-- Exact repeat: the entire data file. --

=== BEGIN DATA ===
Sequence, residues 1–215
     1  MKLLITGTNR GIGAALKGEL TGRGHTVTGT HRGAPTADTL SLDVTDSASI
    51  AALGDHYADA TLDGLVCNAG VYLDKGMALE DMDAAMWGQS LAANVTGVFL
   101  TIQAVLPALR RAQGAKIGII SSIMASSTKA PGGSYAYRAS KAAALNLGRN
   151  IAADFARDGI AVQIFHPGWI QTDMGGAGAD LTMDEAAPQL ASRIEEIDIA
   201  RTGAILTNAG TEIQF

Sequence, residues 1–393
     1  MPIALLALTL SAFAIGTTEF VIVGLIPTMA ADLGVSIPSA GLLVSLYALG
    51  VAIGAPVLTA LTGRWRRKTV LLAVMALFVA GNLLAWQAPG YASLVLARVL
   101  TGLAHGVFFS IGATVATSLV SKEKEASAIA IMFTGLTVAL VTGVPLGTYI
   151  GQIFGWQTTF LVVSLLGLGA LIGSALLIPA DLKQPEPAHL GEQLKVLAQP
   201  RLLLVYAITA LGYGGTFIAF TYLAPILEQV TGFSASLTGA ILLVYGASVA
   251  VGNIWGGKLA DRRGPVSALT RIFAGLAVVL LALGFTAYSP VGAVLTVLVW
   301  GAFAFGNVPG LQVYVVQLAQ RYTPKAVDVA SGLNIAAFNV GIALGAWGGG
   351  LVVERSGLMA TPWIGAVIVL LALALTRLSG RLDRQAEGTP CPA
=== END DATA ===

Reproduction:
Sequence, residues 1–215
     1  MKLLITGTNR GIGAALKGEL TGRGHTVTGT HRGAPTADTL SLDVTDSASI
    51  AALGDHYADA TLDGLVCNAG VYLDKGMALE DMDAAMWGQS LAANVTGVFL
   101  TIQAVLPALR RAQGAKIGII SSIMASSTKA PGGSYAYRAS KAAALNLGRN
   151  IAADFARDGI AVQIFHPGWI QTDMGGAGAD LTMDEAAPQL ASRIEEIDIA
   201  RTGAILTNAG TEIQF

Sequence, residues 1–393
     1  MPIALLALTL SAFAIGTTEF VIVGLIPTMA ADLGVSIPSA GLLVSLYALG
    51  VAIGAPVLTA LTGRWRRKTV LLAVMALFVA GNLLAWQAPG YASLVLARVL
   101  TGLAHGVFFS IGATVATSLV SKEKEASAIA IMFTGLTVAL VTGVPLGTYI
   151  GQIFGWQTTF LVVSLLGLGA LIGSALLIPA DLKQPEPAHL GEQLKVLAQP
   201  RLLLVYAITA LGYGGTFIAF TYLAPILEQV TGFSASLTGA ILLVYGASVA
   251  VGNIWGGKLA DRRGPVSALT RIFAGLAVVL LALGFTAYSP VGAVLTVLVW
   301  GAFAFGNVPG LQVYVVQLAQ RYTPKAVDVA SGLNIAAFNV GIALGAWGGG
   351  LVVERSGLMA TPWIGAVIVL LALALTRLSG RLDRQAEGTP CPA